PM Transcripts

Transcripts from the Prime Ministers of Australia

Transcript 7072

TRANSCRIPT OF INTERVIEW ON THE FOOTY SHOW - 16 JANUARY 1987

Photo of Hawke, Robert

Hawke, Robert

Period of Service: 11/03/1983 to 20/12/1991

More information about Hawke, Robert on The National Archive website.

Release Date: 16/01/1987

Release Type: Interview

Transcript ID: 7072

E 0 E PROOF ONLY
TRANSCRIPT OF INTERVIEW ON THE TODAY SHOW 16 JANUARY 1987
JOURNALIST: We have something like more than 120,000 young
-people between 15 and 19 years of age out of-work. What do you
say to them?
PM: Well, you say these things. Firstly, that there has been a
significant improvement in the period since we have been in
office. Since 1983 we have created something like 700,000 new
jobs which is a record in terms of new job creation. I say to
them that we are not only getting the economy right so that there
will be a basis for stronger growth in the future but we are also
undertaking significant changes in the education and training
area. There has been an enormous increase in the participation
rate. More kids are staying in the education system. When we came
in there was only a 36% retention rate. That is up to 46% now.
There are more training and retraining programs available for
young people. So my message to young people basically is to the
extent possible make sure you stay in the education system
because this is an increasingly complex and difficult world so
get as much education and training as-you--possibly can.-It is
going to be better.
JOURNALIST: Can you say you will get a job?
PM: No, because that would be untruthful if I said to every
young person you can get a job.
JOURNALIST: Well, what do you think the major problems for
Australia will be in 1987?
PM: The basic task will be to ensure that we retain the very
significant improvement in our competitiveness that has been
provided by the significant devaluation that occurred during the
latter part of ' 85 and ' 86. That has put Australian industry and
Australian services in a more competitive position than they have
been in memory. Now we mustn't dissipate that competitiveness by
unnecessarily high wage increases. we have got to make sure that
we increase Australia's competitiveness in manufactures and
services because if we do that we will providing the sound long
term basis for our children.
JOURNALIST: The tax proposals put forward by the Opposition
I I

PM: Which ones. I mean there are so many of them. It is Mr
Sinclair's which says give the taxing powers back-to the States
which makes the rest of Liberals and a lot of the Nationals
horrified. Is it Sir Joh's who is repudiated by some his own
National Party. Which opposition tax proposals do you mean?
JOURNALIST: Any of them seem to be slightly confusing for a
member of the publ. ic.
PM: They are all confusing.
JOURNALIST: But at the samew~ fhi Te ttheseib
seem to be more attractive to the average person in the street.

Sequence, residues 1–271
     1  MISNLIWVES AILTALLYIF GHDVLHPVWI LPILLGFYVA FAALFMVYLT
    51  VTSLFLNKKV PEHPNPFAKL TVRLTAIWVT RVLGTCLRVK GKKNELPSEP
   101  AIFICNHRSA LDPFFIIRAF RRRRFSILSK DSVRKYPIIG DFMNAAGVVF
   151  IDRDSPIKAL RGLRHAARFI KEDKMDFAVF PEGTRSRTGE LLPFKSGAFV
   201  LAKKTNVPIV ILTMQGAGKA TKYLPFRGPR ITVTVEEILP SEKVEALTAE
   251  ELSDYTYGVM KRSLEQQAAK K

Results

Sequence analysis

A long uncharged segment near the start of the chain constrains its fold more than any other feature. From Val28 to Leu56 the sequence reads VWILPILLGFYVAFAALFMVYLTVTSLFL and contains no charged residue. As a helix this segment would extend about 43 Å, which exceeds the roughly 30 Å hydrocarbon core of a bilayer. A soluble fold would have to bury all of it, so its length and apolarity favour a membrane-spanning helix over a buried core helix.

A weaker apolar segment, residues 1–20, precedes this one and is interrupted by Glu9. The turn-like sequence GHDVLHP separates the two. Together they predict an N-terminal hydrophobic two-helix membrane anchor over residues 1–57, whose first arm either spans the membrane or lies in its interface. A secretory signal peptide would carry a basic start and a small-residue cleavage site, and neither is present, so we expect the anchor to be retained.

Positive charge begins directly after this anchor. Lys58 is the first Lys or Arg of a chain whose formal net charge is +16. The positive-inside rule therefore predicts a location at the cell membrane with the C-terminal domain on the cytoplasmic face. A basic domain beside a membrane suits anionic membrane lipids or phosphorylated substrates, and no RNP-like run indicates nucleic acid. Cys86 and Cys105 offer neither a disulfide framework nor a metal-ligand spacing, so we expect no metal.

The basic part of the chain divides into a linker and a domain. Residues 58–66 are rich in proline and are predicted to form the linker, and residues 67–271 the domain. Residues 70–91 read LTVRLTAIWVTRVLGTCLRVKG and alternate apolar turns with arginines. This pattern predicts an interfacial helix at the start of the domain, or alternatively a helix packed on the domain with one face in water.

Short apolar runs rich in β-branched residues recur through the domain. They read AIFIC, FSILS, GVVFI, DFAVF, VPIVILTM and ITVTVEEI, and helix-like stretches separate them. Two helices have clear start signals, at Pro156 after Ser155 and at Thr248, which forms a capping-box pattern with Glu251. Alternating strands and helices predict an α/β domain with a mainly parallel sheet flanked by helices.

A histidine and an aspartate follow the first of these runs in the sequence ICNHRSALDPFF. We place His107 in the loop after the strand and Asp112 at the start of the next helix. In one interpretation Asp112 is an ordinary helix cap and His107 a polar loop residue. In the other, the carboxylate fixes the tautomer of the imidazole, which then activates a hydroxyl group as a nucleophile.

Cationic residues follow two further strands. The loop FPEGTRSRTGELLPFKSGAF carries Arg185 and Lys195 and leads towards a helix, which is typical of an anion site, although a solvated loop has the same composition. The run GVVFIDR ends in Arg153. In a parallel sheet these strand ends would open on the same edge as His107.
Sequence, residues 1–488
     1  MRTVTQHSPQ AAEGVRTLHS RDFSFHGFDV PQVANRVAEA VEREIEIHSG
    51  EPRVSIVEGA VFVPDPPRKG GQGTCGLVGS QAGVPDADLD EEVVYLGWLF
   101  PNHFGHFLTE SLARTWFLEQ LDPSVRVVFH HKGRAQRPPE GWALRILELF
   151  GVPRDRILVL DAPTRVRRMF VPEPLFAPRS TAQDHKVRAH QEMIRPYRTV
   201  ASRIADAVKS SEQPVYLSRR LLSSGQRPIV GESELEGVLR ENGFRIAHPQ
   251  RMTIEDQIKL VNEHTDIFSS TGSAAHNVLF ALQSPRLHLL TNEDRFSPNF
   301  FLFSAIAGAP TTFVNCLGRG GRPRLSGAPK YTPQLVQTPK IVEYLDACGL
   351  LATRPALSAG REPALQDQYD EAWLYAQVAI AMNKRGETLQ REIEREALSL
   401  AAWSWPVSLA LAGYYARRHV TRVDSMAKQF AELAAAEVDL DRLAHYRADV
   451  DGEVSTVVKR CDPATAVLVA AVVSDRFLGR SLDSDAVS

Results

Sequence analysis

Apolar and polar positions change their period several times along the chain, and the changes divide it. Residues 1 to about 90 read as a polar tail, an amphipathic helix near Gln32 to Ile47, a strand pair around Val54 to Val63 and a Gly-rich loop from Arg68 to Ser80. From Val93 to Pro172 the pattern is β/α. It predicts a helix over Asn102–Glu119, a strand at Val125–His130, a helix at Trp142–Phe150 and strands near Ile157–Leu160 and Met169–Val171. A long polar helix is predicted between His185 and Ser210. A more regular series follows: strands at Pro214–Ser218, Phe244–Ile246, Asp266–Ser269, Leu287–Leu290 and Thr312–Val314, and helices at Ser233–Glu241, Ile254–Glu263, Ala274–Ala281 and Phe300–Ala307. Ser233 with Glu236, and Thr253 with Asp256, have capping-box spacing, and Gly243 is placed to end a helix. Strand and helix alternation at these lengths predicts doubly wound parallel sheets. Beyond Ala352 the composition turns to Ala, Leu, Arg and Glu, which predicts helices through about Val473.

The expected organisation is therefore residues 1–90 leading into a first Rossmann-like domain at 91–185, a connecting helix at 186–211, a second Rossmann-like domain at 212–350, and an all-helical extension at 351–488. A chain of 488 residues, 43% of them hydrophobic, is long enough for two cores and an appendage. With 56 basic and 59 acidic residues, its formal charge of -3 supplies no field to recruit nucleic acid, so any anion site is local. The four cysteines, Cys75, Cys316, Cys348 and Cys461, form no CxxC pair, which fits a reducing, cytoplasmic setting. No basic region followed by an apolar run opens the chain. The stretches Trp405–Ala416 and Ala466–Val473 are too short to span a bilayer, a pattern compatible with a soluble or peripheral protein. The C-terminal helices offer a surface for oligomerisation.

PM: On the contrary. The average man in the street is-appalled
by them because the average man in the street
JOURNALIST: Is he though?
PM: The average man in the street is much more intelligent than
the commentator give him credit for being because he knows that
if you look at Sir Joh Bjelke-Petersen and he treats the Federal
opposition with contempt and that is fair enough because that's
basically how I suppose they should be treated and are by most.
And Sir Joh certainly has that attitude. Now his proposal for a
flat tax will mean that the average bloke in the street is
going to pay more tax. So he is not enamoured of that. We will
win the election and one of the reasons-why we will win an
election is because we are dinkum about tax reform and we are
dinkum about ensuring that there is fairness, that the wealthy,
privileged minority can't avoid tax and impose a greater burden
on your average viewer. It is your average viewer I am concerned
about. JOURNALIST: The New Right. What role will that play in politics
this year?
PM: They will be devastating for the formal conservative parties
in this country. They are already doing this. Their spokesmen are
saying look, that Liberal Member of Parliament, that Liberal
Member of Parliament, those Liberal Members of Parliament, we are
going to shoot them down. Just saying it quite like that, they
are out. Now that is creating consternation and havoc and
bitterness, factionalism and hatred in the opposition parties.
They are disintegrating.
JOURNALIST: Are you pleased to see that?
PM: Well, I would be less than honest if I didn't say as leader
of the Government that I saw some satisfaction in it if I didn't
see satisfaction in what was happening.
JOURNALIST: You are off to the Middle East?
PM: Yes.
JOURNALIST: What is the purpose of that visit?

PM: Well, for a long time now I have had invitations from
Jordan, Israel and Egypt to visit. And it hasn't been opportune
for me to do it before now. It is important to do that I think
not simply because I have got the invitations but for these two
reasons. Australia had important bilateral relations with these
countries and I want to do what I can to improve them. it is also
the case that that is a region which is volatile, which could be
a flash point for a wider international conflict. Now I go there
not with any assumption or presumption that I am a mediator or
console things. But I think it is important that a nation like
Australia which is respected by those three nations should have
th-e opportuni-t-y -of-1istening to what they have got to say and
being as aware as we can directly of the events there.
JOURNALIST: You have been-in-of-fice--for four -yea-rs.---Has--i-t -beenworth
it?
PM: Too right. It's been challenging, stimulating, rewarding,
exciting and importantly I think objectively it can be said it
has been constructive. I feel certain that Australia is a better
place now four years later than it was at the beginning of 1983.
JOURNALIST: Has it been four good years for you Mrs Hawke?
MRS HAWKE: Yes, extremely good. I have felt a great deal of
pleasure in the fact that this Government has tackled a lot of
the hard things. A lot of things in Australia have just grown
like topsy and they have looked at some of the hard things and
really given them the once over. And I think it is good to
observe that sort of thing. This last year, 1986, was a really
tough year in that respect of tackling the hard ones but it is
fascinating, it is interesting and-satisfying. All those ithi'ngsthat